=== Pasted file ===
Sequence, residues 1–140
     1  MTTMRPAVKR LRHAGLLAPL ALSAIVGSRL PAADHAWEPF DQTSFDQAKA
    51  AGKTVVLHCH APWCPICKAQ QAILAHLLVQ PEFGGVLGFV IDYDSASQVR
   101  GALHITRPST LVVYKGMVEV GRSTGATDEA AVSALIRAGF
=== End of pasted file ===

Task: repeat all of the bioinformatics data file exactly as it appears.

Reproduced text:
Sequence, residues 1–140
     1  MTTMRPAVKR LRHAGLLAPL ALSAIVGSRL PAADHAWEPF DQTSFDQAKA
    51  AGKTVVLHCH APWCPICKAQ QAILAHLLVQ PEFGGVLGFV IDYDSASQVR
   101  GALHITRPST LVVYKGMVEV GRSTGATDEA AVSALIRAGF